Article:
ZFIN ID: ZDB-PUB-090330-13
Transient and transgenic analysis of the zebrafish ventricular myosin heavy chain (vmhc) promoter: An inhibitory mechanism of ventricle-specific gene expression
Zhang, R., and Xu, X.
Date: 2009
Source: Developmental dynamics : an official publication of the American Association of Anatomists   238(6): 1564-1573 (Journal)
Registered Authors: Xu, Xiaolei, Zhang, Ruilin
Keywords: Vmhc, chamber specificity, promoter analysis, transgenic fish
MeSH Terms:
  • Animals
  • Animals, Genetically Modified
  • Gene Expression Regulation, Developmental*
  • Heart Ventricles/embryology*
  • Heart Ventricles/metabolism
  • Myosin Heavy Chains/genetics*
  • Myosin Heavy Chains/metabolism
  • Promoter Regions, Genetic*
  • Transcription Factors/genetics
  • Transcription Factors/metabolism
  • Zebrafish*/anatomy & histology
  • Zebrafish*/embryology
  • Zebrafish Proteins/genetics*
  • Zebrafish Proteins/metabolism
PubMed: 19322764 Full text @ Dev. Dyn.
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ABSTRACT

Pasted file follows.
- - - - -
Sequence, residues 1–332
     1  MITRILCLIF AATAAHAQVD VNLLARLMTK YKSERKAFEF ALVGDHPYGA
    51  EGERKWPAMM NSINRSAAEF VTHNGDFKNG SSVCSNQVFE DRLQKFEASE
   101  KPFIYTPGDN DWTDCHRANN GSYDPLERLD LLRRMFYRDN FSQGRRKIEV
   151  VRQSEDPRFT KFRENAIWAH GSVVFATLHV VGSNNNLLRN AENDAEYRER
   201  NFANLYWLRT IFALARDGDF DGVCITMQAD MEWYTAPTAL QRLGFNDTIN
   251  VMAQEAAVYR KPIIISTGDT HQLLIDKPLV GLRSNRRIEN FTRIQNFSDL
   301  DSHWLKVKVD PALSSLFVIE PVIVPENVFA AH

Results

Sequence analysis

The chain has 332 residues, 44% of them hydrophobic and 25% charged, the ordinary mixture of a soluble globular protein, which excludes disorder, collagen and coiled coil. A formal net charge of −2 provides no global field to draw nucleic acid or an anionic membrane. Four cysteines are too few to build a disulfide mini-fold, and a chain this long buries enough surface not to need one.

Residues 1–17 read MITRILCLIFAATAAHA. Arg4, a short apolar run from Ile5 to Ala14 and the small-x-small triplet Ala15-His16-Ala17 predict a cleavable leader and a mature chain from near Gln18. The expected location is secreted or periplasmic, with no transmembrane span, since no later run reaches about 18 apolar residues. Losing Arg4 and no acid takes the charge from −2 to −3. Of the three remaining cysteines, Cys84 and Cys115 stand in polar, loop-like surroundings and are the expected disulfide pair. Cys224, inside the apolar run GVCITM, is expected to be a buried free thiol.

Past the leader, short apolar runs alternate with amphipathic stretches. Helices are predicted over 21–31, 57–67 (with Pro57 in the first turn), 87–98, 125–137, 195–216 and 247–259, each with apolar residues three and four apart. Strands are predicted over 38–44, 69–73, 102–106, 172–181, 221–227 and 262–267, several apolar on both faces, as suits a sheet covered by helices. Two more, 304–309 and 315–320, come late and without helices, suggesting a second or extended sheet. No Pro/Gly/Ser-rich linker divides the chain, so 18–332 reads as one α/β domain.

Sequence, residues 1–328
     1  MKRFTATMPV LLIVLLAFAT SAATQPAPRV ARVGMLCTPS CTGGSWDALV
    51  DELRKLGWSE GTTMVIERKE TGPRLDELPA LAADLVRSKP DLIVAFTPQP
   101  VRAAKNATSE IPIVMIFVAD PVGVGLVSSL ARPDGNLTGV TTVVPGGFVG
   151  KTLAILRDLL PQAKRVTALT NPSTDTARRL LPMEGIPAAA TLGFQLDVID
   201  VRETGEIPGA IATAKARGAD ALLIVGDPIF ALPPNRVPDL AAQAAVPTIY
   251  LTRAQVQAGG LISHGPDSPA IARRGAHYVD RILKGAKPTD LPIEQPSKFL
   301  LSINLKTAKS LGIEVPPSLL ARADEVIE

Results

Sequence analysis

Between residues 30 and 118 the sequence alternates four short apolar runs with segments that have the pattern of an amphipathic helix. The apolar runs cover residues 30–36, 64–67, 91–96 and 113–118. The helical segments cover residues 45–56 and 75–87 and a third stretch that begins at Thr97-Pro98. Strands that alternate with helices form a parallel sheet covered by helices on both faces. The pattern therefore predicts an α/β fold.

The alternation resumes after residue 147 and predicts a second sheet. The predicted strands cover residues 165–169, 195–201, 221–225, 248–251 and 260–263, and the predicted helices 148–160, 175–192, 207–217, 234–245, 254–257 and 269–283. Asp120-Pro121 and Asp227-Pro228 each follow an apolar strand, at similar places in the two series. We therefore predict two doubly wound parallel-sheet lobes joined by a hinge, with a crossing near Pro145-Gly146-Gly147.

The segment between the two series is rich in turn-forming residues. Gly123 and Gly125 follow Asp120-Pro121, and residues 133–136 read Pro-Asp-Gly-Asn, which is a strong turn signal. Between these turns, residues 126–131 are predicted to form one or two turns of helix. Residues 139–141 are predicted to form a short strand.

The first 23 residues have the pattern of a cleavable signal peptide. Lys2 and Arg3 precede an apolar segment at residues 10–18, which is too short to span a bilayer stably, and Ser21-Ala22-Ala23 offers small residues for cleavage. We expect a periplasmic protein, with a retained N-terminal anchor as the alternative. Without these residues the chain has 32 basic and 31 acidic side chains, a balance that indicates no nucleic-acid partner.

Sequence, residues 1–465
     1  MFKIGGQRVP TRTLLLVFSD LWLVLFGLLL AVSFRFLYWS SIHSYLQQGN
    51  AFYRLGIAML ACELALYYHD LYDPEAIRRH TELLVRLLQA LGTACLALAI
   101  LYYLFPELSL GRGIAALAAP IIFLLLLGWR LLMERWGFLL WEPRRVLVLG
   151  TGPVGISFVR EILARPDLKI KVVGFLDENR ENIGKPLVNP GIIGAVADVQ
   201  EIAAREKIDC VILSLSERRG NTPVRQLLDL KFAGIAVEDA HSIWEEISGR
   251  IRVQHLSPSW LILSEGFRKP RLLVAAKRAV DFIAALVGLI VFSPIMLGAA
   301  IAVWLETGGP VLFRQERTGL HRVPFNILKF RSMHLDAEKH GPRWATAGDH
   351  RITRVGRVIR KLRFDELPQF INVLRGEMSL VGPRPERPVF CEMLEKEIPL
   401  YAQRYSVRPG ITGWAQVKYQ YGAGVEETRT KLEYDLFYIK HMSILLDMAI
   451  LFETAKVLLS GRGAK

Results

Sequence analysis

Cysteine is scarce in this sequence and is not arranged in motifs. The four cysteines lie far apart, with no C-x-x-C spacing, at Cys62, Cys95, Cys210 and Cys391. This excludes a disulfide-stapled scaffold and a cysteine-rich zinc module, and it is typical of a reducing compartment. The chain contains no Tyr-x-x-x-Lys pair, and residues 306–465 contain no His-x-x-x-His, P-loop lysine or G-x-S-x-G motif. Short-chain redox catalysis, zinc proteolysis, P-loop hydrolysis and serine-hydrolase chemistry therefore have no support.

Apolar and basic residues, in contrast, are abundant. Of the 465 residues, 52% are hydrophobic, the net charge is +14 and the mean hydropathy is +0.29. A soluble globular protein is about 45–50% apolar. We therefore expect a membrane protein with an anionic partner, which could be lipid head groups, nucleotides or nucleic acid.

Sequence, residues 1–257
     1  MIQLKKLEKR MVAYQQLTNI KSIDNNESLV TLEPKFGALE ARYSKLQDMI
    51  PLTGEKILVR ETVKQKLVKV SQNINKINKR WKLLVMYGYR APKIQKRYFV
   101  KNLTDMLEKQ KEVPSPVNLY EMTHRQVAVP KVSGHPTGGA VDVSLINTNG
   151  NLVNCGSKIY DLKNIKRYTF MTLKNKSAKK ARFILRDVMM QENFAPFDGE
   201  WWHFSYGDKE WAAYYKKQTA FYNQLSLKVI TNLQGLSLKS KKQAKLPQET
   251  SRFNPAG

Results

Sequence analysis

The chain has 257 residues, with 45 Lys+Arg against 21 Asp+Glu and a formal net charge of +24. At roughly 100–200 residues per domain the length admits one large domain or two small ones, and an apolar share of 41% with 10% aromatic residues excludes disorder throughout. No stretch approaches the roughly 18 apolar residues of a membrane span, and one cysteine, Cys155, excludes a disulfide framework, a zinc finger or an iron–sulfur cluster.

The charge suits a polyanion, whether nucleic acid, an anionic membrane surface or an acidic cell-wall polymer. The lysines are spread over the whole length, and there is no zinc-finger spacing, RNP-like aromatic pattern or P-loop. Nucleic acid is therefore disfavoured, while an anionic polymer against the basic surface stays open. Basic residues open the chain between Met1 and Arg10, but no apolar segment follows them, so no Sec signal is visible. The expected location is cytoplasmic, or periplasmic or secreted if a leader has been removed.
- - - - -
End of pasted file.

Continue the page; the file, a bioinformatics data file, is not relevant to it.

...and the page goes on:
The zebrafish ventricular myosin heavy chain (vmhc) gene exhibits restricted expression in the ventricle. However, the molecular mechanism underlying this chamber-specific expression is unclear. Here, we exploited both transient and transgenic technologies to dissect the zebrafish vmhc promoter. We demonstrated that a combination of two transient assays in this animal model quickly identified chamber-specific cis-elements, isolating a 2.2 kb fragment upstream from the vmhc gene that can drive ventricle-specific expression. Furthermore, deletion analysis identified multiple cis-elements that exhibited cardiac-specific expression. To achieve chamber specificity, a distal element was required to coordinate with and suppress a proximal enhancer element. Finally, we discovered that Nkx2.5-binding sites (NKE) were essential for this repressive function. In summary, our study of the zebrafish vmhc promoter suggests that ventricle-specific expression is achieved through an inhibitory mechanism that suppresses expression in the atrium. Developmental Dynamics, 2009. (c) 2009 Wiley-Liss, Inc.
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